Frequently Asked Questions
Questions and concerns are understandable and welcomed. Following are some commonly raised:
Will the water bottling plant use surface water, shallow groundwater, or water from the deep aquifer?
The bottling plant will use a groundwater well drawing water from the deep aquifer. The well pumps from approximately 220 feet deep and draws water from a sand and gravel layer in the deep aquifer between 203 to 221 feet below the ground surface (bgs). The well was tested and has the capability to be pumped at up to 450 gallons per minute. A clay layer is present from 41 to 180 feet that separates the deep aquifer from the shallow aquifer and surface water. Montana Artesian Water’s well is sealed with a bentonite-cement grout from the surface to a depth of 55 feet bgs to preclude surficial contaminants from entering the well, as well preventing upward leakage into the shallow aquifer. Numerous levels of design and safety precautions went into constructing the well to assure well integrity.
Will the project negatively affect neighboring wells?
DNRC hydrogeologists conducted a rigorous evaluation of the aquifer pumping test data using an analytical model to determine if long-term pumping by Montana Artesian Water would have an effect on neighboring wells. The results of their modeling efforts predicted that pumping would lower the water level in some wells but not to the extent that it would have an impact on their water supply or water availability. DNRC would not have granted the water right had they believed that neighbors wells would be adversely impacted.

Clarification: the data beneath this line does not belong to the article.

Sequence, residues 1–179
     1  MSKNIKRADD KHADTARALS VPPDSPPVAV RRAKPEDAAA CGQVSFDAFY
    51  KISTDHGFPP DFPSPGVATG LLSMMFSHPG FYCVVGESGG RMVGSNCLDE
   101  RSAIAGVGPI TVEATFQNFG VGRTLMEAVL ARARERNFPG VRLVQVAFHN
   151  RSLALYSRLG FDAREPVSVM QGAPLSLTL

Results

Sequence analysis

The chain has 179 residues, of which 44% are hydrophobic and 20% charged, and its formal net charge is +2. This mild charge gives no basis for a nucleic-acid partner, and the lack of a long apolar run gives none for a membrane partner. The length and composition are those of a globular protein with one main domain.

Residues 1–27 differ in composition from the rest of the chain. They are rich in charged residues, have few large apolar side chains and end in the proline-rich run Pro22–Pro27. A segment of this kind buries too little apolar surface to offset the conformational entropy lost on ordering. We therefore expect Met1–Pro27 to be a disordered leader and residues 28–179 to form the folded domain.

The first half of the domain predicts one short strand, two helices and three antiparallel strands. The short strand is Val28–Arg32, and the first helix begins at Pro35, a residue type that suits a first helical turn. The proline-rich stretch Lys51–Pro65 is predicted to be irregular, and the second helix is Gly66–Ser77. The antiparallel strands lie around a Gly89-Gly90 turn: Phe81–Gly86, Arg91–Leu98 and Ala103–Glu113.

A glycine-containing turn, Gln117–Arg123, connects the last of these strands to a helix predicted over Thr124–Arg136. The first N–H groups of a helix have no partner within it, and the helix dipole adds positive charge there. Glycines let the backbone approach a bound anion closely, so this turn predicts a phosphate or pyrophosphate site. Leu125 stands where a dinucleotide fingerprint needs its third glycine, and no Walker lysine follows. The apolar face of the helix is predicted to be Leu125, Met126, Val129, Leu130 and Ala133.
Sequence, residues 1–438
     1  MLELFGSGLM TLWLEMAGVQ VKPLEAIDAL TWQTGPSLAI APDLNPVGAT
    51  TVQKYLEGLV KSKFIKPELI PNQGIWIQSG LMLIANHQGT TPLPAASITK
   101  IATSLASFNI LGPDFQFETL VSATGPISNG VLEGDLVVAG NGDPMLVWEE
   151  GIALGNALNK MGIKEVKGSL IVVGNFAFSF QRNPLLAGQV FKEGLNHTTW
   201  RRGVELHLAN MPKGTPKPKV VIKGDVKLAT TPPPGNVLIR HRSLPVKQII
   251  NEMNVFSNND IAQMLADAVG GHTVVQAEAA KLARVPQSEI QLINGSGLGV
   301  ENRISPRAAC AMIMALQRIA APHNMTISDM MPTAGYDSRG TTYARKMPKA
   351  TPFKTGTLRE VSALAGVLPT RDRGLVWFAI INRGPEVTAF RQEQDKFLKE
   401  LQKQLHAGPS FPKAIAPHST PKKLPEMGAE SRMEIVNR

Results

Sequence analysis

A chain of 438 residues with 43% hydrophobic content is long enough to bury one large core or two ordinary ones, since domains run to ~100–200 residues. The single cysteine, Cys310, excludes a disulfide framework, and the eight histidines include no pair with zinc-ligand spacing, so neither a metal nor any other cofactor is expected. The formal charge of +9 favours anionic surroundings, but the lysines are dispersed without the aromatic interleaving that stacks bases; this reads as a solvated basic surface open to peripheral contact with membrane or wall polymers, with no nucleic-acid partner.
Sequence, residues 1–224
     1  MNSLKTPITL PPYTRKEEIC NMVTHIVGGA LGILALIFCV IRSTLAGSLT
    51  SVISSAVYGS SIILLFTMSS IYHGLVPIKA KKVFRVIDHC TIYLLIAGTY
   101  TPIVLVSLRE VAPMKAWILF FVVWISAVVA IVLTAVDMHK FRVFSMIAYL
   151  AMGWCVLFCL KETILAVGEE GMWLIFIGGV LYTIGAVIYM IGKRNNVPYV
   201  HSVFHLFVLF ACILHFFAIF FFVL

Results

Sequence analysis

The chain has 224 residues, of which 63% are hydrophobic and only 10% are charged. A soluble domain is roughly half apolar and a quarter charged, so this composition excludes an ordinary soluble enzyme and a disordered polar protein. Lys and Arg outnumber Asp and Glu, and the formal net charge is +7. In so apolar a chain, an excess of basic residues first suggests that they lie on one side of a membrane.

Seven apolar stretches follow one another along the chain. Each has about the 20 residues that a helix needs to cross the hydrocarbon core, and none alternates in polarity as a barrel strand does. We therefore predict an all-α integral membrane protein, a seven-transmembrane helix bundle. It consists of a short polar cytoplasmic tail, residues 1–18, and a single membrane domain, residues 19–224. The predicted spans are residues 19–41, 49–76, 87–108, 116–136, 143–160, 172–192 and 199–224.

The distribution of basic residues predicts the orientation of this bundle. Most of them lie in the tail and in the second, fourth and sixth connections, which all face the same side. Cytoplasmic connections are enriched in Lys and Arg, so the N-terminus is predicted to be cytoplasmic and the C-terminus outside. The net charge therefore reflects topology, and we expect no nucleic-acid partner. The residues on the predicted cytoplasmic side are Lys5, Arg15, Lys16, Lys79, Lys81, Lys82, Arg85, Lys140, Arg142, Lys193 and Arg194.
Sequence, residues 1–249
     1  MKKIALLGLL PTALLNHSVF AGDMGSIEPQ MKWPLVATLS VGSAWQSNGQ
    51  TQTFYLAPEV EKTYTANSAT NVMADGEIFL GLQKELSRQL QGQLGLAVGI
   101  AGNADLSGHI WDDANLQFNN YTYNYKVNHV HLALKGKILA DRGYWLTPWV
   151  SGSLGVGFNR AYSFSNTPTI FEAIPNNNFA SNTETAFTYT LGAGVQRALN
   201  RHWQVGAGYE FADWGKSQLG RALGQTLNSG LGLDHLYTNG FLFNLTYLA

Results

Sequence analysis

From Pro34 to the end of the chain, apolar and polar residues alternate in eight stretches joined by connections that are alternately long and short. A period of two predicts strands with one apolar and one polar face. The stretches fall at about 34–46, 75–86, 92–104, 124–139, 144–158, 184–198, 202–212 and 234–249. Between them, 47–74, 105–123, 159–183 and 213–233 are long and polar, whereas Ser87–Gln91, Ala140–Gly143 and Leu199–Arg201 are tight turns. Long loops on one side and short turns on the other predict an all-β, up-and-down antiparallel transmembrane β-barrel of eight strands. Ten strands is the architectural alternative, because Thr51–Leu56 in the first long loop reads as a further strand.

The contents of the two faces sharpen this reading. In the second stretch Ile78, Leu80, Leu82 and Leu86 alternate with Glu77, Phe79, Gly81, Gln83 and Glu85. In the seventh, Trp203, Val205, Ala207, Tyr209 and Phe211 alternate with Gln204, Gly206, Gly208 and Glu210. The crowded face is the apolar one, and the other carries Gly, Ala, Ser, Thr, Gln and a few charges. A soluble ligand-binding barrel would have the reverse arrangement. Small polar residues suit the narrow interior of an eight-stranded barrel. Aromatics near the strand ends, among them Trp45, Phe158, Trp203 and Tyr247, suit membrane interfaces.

How much water would the bottling plant draw from the aquifer?
The initial phase water bottling operations will utilize approximately 25 to 30 gpm. As market demands dictate, the bottling plant could be enlarged and scaled up to use more water. Aquifer testing has demonstrated the safe yield of the well is 450 gpm; however, Montana Artesian Water does not believe it is feasible to bottle and ship this volume of water from this site given existing physical constraints. Beyond the infrastructure limitations, the Weavers have no personal or professional desire to build an industrial-scale facility on their property.
How does this use compare to other commercial users in the area?
With regard to agriculture, a typical quarter section center-pivot covering a 140 acre field of alfalfa has a flow rate of approximately 700 gpm and applies roughly 350 acre-feet of water during a five month irrigation season. In comparison, Montana Artesian Water is requesting a water right for 450 gpm and a volume of 715 acre-feet per annum. As shown, Montana Artesian Water would have a lower pumping rate and a higher overall annual use rate.
How much water will leave the area and how much will stay in the watershed?
Technically, none of the water in the aquifer stays in the aquifer. DNRC notes that water in the aquifer flows through the valley and naturally recharges.
Some water pumped from the deep aquifer and discharged on the surface, however, does have a chance to filter down into the shallow aquifer. The amount of water that will remain in the watershed from Montana Artesian Water’s operations is predicted to be 17 percent. In comparison, the consumptive use of a typical quarter-section center pivot ranges from 80 to 90 percent with 5 to 15 percent filtering back into the shallow aquifer before flowing down valley.